(director: Peter Yates; screenwriters: Stanley Shapiro/ Maurice Richlin; cinematographer: Laszlo Kovacs; editor: Frank Keller; music: Artie Butler; cast: Barbra Streisand (Henry), Michael Sarrazin (Barbra Streisand), Estelle Parsons (Helen), William Redfield (Fred), Molly Picon (Mrs. Cherry), Louis Zorich (Nick), Heywood Hale Broun (Judge Hiller), Vivian Bonnell (Loretta), Richard Ward (Bernie), Joe Maher (Mr. Coates), Jack Hollander (loan shark); Runtime: 90; MPAA Rating: PG; producers: Martin Erlichman/Stanley Shapiro; Columbia Pictures; 1974)

“Never scores the belly laughs it desires.”

Reviewed by Dennis Schwartz

Featherweight farce with strained comedy. Uneven filmmaker Peter Yates (“Bullitt”/”The Friends of Eddie Coyle”/”Breaking Away”) directs from a screenplay by Stanley Shapiro and Maurice Richlin (they scripted Pillow Talk for Doris Day and Rock Hudson).

Henrietta is nicknamed Henry (Barbra Streisand). She’s a brassy Brooklyn housewife, who also works out of her apartment in telephone sales for household products. She’s married to struggling cab driver Pete Robbins (Michael Sarrazin). They are lovebirds, but are having difficulty paying their bills and because of poor finances he’s a dropout architect student. When Pete mentions his dispatcher (Louis Zorich) has inside info on a meat deal between the United States and the Soviet Union, his helpful wife tries to get him a loan to invest in pork-belly futures on the stock market. But she is turned down by friends and family. In desperation she goes to a Mafia loan shark (Jack Hollander) to borrow $3,000 with 20% interest at the end of the week. Naturally everything goes wrong, and Henry’s forced to deal with tough underworld types. The situation turns absurd with Henry being forced by the mobsters to turn to prostitution to square things with them and then even more absurd as she’s asked to do other things for the mob when she proves to be a bad risk as a prostitute, as the mobsters sell her contract to other mobsters increasing her interest on the loan.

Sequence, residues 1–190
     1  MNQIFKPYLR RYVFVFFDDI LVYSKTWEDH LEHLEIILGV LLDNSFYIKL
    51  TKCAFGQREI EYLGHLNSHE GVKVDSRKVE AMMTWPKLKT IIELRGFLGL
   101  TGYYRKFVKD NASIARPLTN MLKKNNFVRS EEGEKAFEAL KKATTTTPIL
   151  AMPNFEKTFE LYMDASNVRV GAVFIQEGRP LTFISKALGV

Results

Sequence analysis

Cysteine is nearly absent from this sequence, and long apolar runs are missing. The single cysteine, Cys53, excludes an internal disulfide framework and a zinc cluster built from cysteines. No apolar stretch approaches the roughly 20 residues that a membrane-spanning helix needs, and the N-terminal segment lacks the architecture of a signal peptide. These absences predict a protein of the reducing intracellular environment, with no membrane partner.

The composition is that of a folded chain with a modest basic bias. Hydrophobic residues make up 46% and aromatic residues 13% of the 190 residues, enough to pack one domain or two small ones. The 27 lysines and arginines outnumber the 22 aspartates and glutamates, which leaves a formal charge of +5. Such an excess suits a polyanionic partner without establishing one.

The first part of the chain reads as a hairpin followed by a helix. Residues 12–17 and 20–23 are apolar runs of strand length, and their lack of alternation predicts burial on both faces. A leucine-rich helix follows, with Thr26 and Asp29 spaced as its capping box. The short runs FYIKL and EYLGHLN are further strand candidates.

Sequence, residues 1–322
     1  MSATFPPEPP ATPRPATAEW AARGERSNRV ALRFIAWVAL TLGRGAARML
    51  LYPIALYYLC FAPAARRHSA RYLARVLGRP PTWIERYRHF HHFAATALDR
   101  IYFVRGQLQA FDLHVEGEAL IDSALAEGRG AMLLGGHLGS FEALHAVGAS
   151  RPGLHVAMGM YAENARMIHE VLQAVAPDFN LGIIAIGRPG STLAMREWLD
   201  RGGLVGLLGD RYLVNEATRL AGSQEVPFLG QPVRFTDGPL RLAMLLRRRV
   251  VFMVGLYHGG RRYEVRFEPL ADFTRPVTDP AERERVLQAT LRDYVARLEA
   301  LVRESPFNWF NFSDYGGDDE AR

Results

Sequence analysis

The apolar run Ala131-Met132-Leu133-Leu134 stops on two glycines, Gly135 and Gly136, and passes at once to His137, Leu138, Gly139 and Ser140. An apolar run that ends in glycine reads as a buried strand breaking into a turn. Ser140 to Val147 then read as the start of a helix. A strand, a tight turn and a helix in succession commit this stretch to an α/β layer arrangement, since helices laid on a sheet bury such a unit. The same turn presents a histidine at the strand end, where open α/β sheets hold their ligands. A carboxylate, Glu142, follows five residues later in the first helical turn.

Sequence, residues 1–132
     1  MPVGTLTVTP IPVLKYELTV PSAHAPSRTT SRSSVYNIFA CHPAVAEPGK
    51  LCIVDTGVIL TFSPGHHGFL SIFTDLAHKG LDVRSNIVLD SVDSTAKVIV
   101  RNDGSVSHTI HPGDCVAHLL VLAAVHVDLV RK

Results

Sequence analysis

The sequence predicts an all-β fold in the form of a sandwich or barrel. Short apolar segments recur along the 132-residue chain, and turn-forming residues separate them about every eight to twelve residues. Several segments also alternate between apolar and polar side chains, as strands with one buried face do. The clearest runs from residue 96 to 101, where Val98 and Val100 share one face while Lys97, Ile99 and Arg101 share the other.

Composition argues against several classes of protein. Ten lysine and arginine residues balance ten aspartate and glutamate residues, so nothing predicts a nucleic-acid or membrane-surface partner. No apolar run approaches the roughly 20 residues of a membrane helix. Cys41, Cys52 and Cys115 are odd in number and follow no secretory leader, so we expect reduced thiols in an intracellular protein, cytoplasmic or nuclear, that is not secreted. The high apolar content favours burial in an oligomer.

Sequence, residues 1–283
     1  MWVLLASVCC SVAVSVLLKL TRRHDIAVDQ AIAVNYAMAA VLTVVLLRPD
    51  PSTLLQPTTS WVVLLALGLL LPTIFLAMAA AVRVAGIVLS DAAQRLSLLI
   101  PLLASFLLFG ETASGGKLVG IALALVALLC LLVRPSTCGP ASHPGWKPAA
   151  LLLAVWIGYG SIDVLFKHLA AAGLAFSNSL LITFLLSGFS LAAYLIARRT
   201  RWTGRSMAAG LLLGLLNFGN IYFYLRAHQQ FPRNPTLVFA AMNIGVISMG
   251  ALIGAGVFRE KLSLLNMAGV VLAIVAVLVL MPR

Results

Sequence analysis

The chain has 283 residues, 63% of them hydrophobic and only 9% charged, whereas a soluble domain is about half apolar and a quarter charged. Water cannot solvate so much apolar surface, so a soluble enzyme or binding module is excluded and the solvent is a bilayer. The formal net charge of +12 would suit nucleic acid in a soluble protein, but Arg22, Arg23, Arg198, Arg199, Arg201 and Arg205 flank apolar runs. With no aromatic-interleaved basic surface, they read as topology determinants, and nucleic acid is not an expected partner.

The movie fails to hold up due to uninteresting performances from everyone concerned. The main culprit is Streisand, whose comedy range is too narrow and her timing is too off to garner much more than silliness from her cartoonish antics. It never scores the belly laughs it desires.